I can only comment on the US college experience as an outsider, but my impression is that Germany has much less of a “college culture”, and its universities tend to slightly lack visibility in the world. But in my mind, this is only indicative of Germans not focusing much on marketing their universities and says nothing about the quality of education or experience. In fact, I would totally study in Germany again if I traveled back in time, for the most part because of the depth and focus of studies. In contrast to the US, you apply to a specific major, and that is what you did day in and out. The programs are generally very structured with only a bit of flexibility, and this was especially true for TUM. However, this ensured that you got the most solid foundation in your field. Having come to the US, I sometimes envy students here for the breadth of courses they took and the seemingly more lively study experience, but looking back I feel very grateful for a much deeper, focused and comprehensive physics education. Despite the apparent rigidity, you were free to take any course you wanted on your own time. And finally, the fact that students have to pay this much tuition in the US blows my mind.
At the same time, there was no policy of making sure everyone graduated. Grade inflation was non-existent, and in STEM programs it was common for half a class of a few hundred people to fail an exam. As I mentioned earlier, all applicants to my program were admitted, but only 30% of those who came actually graduated. This sums up my experience with university education in Germany: Here, you are free to come in, be offered a solid training, and it’s entirely your responsibility to get through it. This breeds a special type of discipline and work ethic.
How did the funding through DAAD work?
The DAAD scholarship wasn’t a ton of money, but it easily covered my rent and food. When 500€ of tuition fees per semester were introduced, they covered that as well. They also funded annual workshops for all scholarship holders to get together and meet up with figures from academia, politics, industry and business. Through a group plan they put together, we also got incredibly cheap health, accident and liability insurance. Finally, the scholarship was particularly useful for the visa and residence permit applications, because Germany requires a proof of adequate funds, either in the form of a sufficiently large bank account or a regular income.
The process started when one of my teachers reached out and said I was selected as a possible applicant for the scholarships. There was an application process, for which I had to write a personal statement and face a panel of (benevolent) interviewers. The Sawiris foundation was also on board, providing a similar scholarship, and so some of us ended up with one scholarship or the other. Of my cohort, four of us got selected and ended up in different places in Germany.
I advise people to check the DAAD homepage for advice on moving to Germany and scholarship announcements. They list a database of scholarships mostly targeting graduate studies, but there are a few undergraduate programs as well.
Did you receive any mentorship/support as you were applying?
From the dry bureaucracy of German institutions? Hardly. I would argue though that it wasn’t really necessary, seeing how straightforward the process was. My family was my biggest support system. Navigating paperwork like the visa application and postponement of Egyptian military service was an odyssey of its own, which would have not been possible without their help. The advice by DAAD was also quite helpful, and their letter of support made the visa application smoother.
How does the PhD process in Germany work?
A prerequisite for doing a PhD there is having a master’s degree. In contrast to the US, master and PhD are separate. There are no courses to attend as a PhD student (though nobody will throw you out of a class if you do), and you mainly focus on your research. Depending on your field of study and institution, you might be working alone or as part of a larger group, and the duration is nominally three years, but commonly longer.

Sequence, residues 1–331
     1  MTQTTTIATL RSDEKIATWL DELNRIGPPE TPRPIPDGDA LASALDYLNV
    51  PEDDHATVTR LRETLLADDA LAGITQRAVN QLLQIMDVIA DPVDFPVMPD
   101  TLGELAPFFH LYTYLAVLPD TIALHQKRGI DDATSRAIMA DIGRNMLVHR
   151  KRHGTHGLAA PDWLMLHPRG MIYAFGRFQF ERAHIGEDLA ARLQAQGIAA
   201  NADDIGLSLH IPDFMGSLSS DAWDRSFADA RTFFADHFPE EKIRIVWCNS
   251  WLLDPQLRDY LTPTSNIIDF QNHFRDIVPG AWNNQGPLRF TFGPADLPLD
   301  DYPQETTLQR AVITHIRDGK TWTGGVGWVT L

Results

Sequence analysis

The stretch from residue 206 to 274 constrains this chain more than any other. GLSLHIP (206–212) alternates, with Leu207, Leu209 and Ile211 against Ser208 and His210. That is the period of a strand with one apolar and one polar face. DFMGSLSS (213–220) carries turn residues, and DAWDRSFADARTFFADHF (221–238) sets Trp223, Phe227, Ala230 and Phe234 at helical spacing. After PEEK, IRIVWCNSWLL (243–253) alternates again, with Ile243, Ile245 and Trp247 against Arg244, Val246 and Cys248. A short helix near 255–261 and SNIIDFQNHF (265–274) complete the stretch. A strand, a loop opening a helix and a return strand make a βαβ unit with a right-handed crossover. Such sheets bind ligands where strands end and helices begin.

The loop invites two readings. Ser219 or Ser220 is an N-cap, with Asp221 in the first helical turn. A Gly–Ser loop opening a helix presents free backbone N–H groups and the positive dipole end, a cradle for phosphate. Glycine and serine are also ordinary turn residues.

Usually one applies directly to a research group, and so the decision falls in the hands of a professor. There are no formal programs or admission committees involved, and your application to the university at this point is merely a formality. That said, some institutions have adopted a “graduate school” in certain fields, where you still do your research as intended, but get additional mentorship and soft skill courses on the side. Funding for your research and your salary either comes through the institution itself, through grants from your professor or from various fellowships that you can apply for.
Aside from universities, many people do their PhD research at private research institutes, e.g. within the Max Planck, Fraunhofer or Helmholtz societies. Some students even do it in industry. In these cases, you need a formal faculty advisor at a university, because only universities can grant PhD degrees. In my case, I did my master’s research and PhD in a group at the Max Planck Institute of Quantum Optics (MPQ), which is headed by a professor at the Ludwig Maximilian University of Munich.
Did you consider moving to a different place for your PhD?
While doing my master project at MPQ, for a fleeting moment I toyed with the idea of applying in the US after meeting a professor from MIT on sabbatical in our group, but then I realised there was an application deadline due in 2 weeks, and there was no way I could get the paperwork and required tests in time. I had a standing offer to stay in my group, but actually did apply to another group in Switzerland to have another option. I decided though that my advisor was too phenomenal and our working environment too good for me to leave, so I ended up staying. However, there is a lot to be gained from transitioning to a different place for your PhD.
What advice do you have for students who are interested in applying?
Find the field of study you’re most interested in and do exactly that. Maybe worry a little bit about your later career, but be flexible and don’t make it the main criterion guiding your choice.
Any other pieces of advice?
Develop good attention management.
Be flexible and don’t worry about making the perfect choices all along the way. It’s fine to switch gears and do something different later in life.
Never be afraid to ask questions. Ever.
To get places, it helps a lot to talk to people.
Focus more on who you will be working with than what you will be working on.